Depression is a widespread mental health condition affecting millions of individuals globally, and while various treatments are available, not all people respond well to them. In recent years there has been a surge in interest around the potential therapeutic benefits of psychedelic substances such as psilocybin or LSD. Despite these substances being considered illegal in most parts of the world, there are studies which suggest that they could have a positive impact on the brain leading to improvements in mood and other aspects of mental health.
Let's dive into the world of medical psilocybin research!
Several recent studies published by The New England Journal of Medicine and Nature Medicine have revealed that psilocybin, the active compound found in "magic mushrooms" can help treat depression. This hallucinogen is responsible for altering the brain's response to a chemical called serotonin, which carries messages between the nerve cells in your brain and body.
According to previous studies, using functional MRI (fMRI) brain scanning, researchers found that psilocybin has the ability to reduce activity in the medial prefrontal cortex. This area of the brain is responsible for regulating cognitive functions such as awareness, inhibitory control, habits, and memory. By reducing the activity in this area, psilocybin could potentially have the capability to remove internal constraints and help individuals shift towards an increasingly open minded understanding of the environment surrounding them.
Depression is typically characterised by rumination, a state of negative reflections, particularly about yourself. Research shows that individuals with greater levels of negative rumination tend to show increased brain activity compared with other networks at rest.
Research findings indicate that a single dose of psilocybin can increase connectivity between different networks in the brain, which are usually diminished in individuals with severe depression, as revealed by fMRI measures taken one day after psilocybin administration.
New Evidence has surged
This double-blind randomised controlled trial, the most compelling evidence so far, revealed that people taking psilocybin showed a significant increase in connectivity between brain networks compared to those taking the antidepressant drug escitalopram. In contrast, the brains of those taking escitalopram showed no change in connectivity between the default mode and other brain networks six weeks after treatment started.
Researchers believe that the observed effect may be due to psilocybin having more concentrated action on receptors in the brain than escitalopram, which could be why psilocybin has a more rapid onset of antidepressant effect.The study suggests that activating these receptors could alter brian network connectivity, but the specific mechanisms of this effect are yet to be fully understood.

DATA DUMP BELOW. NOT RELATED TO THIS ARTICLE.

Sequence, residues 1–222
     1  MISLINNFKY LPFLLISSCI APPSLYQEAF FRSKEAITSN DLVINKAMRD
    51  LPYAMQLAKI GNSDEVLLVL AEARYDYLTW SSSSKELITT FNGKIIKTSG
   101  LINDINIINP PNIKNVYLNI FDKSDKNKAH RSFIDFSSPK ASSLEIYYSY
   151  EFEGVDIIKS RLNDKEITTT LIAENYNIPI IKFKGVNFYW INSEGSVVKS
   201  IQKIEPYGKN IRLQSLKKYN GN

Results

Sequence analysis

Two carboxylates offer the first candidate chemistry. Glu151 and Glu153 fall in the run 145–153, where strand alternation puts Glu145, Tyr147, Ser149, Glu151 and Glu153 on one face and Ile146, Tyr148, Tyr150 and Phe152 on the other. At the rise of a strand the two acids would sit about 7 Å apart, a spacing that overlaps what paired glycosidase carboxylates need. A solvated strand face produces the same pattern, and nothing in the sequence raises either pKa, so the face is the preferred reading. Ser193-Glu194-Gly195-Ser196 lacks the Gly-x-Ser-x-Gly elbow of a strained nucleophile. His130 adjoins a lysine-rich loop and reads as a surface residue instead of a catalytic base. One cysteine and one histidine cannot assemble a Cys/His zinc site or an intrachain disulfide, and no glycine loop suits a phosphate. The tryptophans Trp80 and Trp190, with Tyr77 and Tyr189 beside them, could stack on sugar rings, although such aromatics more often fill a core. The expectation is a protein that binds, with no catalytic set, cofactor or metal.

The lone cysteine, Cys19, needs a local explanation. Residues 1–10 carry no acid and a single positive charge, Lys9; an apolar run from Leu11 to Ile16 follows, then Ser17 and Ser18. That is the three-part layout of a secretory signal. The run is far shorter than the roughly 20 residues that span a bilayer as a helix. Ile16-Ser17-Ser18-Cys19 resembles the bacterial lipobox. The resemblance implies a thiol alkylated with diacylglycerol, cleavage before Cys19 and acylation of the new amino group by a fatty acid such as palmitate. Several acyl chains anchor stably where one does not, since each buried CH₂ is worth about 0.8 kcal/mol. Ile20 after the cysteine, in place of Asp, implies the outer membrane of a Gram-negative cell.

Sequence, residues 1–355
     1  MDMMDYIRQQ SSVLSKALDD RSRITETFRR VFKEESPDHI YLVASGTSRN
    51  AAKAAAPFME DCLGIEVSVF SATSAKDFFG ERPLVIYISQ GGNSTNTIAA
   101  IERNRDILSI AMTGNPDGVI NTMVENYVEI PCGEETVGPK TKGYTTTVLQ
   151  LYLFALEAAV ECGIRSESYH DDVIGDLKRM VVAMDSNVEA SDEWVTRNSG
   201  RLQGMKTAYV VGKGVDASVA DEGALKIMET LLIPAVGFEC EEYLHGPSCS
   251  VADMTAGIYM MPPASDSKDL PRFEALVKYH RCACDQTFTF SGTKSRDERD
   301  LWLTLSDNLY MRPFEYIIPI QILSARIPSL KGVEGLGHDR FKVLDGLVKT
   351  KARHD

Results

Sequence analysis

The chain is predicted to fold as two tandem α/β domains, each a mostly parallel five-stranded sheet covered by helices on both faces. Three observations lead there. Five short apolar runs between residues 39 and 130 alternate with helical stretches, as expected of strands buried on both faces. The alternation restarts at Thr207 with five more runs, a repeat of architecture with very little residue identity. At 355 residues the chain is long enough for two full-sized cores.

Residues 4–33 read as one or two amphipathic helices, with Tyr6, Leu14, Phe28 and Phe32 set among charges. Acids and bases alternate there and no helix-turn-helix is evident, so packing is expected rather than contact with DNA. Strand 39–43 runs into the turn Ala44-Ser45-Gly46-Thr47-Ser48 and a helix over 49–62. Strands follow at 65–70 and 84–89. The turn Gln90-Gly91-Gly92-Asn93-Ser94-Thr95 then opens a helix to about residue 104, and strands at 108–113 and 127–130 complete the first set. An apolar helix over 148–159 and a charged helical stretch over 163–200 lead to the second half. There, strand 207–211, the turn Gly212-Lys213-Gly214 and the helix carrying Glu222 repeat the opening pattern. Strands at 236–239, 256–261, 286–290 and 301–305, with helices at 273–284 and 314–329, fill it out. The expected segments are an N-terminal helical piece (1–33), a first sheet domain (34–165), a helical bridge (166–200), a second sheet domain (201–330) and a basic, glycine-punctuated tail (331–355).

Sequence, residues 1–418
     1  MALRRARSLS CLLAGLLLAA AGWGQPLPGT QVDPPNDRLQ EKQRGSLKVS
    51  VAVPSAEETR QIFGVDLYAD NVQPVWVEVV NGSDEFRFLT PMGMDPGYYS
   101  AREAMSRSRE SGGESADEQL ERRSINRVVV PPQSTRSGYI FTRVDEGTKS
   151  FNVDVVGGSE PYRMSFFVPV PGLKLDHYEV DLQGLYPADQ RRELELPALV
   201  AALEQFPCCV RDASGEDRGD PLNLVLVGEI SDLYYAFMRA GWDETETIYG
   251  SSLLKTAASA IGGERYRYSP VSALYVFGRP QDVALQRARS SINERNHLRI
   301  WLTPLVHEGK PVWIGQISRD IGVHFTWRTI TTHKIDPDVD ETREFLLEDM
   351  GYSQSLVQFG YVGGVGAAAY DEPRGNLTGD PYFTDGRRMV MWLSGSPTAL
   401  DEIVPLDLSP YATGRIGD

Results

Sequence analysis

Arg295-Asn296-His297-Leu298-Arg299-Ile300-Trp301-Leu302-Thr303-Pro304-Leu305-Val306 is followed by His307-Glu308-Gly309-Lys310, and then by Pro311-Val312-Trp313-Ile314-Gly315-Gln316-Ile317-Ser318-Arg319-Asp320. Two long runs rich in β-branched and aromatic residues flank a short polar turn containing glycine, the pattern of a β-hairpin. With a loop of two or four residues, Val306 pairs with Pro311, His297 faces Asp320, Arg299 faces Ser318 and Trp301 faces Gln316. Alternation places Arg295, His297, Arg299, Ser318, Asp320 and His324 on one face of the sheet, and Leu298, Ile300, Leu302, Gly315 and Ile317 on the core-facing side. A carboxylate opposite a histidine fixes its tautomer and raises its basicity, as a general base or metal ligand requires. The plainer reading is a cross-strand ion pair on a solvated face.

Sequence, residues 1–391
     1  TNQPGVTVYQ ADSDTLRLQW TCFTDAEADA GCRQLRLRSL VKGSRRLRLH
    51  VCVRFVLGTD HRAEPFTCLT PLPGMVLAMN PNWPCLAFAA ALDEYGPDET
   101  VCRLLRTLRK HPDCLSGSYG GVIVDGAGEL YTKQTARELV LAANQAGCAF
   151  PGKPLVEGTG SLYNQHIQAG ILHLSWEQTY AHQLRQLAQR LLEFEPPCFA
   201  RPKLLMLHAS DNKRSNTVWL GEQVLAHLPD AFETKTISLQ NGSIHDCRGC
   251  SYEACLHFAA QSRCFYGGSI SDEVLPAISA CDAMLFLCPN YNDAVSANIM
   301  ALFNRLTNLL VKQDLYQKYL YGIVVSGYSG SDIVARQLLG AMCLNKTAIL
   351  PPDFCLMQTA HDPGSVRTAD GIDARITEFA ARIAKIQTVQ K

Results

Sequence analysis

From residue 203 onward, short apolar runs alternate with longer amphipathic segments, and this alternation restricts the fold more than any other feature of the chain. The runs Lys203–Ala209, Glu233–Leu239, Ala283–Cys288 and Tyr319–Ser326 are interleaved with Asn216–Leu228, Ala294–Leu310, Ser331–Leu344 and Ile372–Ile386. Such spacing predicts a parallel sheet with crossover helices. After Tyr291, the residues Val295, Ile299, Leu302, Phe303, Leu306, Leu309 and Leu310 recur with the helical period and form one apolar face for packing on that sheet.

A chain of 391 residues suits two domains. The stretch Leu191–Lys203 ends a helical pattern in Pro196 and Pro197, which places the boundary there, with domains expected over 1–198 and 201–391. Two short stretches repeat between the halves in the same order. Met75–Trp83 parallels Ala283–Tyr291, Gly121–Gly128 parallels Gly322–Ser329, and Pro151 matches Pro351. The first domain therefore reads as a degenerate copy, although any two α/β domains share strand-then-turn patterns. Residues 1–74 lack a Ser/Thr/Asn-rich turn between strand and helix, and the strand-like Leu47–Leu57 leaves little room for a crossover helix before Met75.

Additionally, it showed that both groups reported improvements in their symptoms six weeks after commencing treatment.
“Nevertheless, psilocybin had the greatest effect on overall mental wellbeing”
Nevertheless, psilocybin had the greatest effect on overall mental wellbeing, and a greater proportion of patients treated with psilocybin showed a positive clinical response compared with those treated with escitalopram. More patients in the psilocybin group were also still in remission at six weeks, and although some patients still do not respond to psilocybin, or relapse after treatment, the studies provide promising results that bring us closer to expanding the available treatment options for patients with depression.
It is important to note that the success of psilocybin treatment is heavily dependent on the environment in which it is taken and that patients of these studies were carefully selected for psilocybin-assisted therapy based on their history to avoid the risk of psychosis and other possible adverse effects.
Will psilocybin come to replace the era of traditional antidepressants?
The studies mentioned above provide a glimpse of hope for the future of depression treatment with psilocybin and the possibility of expanding options for patients with depression.
Of course, while the therapeutic potential of psilocybin for depression appears to be promising, it is unlikely that it will completely replace traditional antidepressant medications. Instead, it can offer an alternative treatment choice for those who have not attained satisfactory results, or unwanted side effects, from standard treatments.
To establish the safety and efficiency of psilocybin as a treatment option for depression, further research is needed with larger and more diverse populations. Additionally, identifying optimal dosing regimens and ingestion methods will be crucial in determining psilocybin effectiveness for treating depression.
All-in-all, the future of psilocybin as a method to help treat depression is very interesting and something to keep an eye out for.
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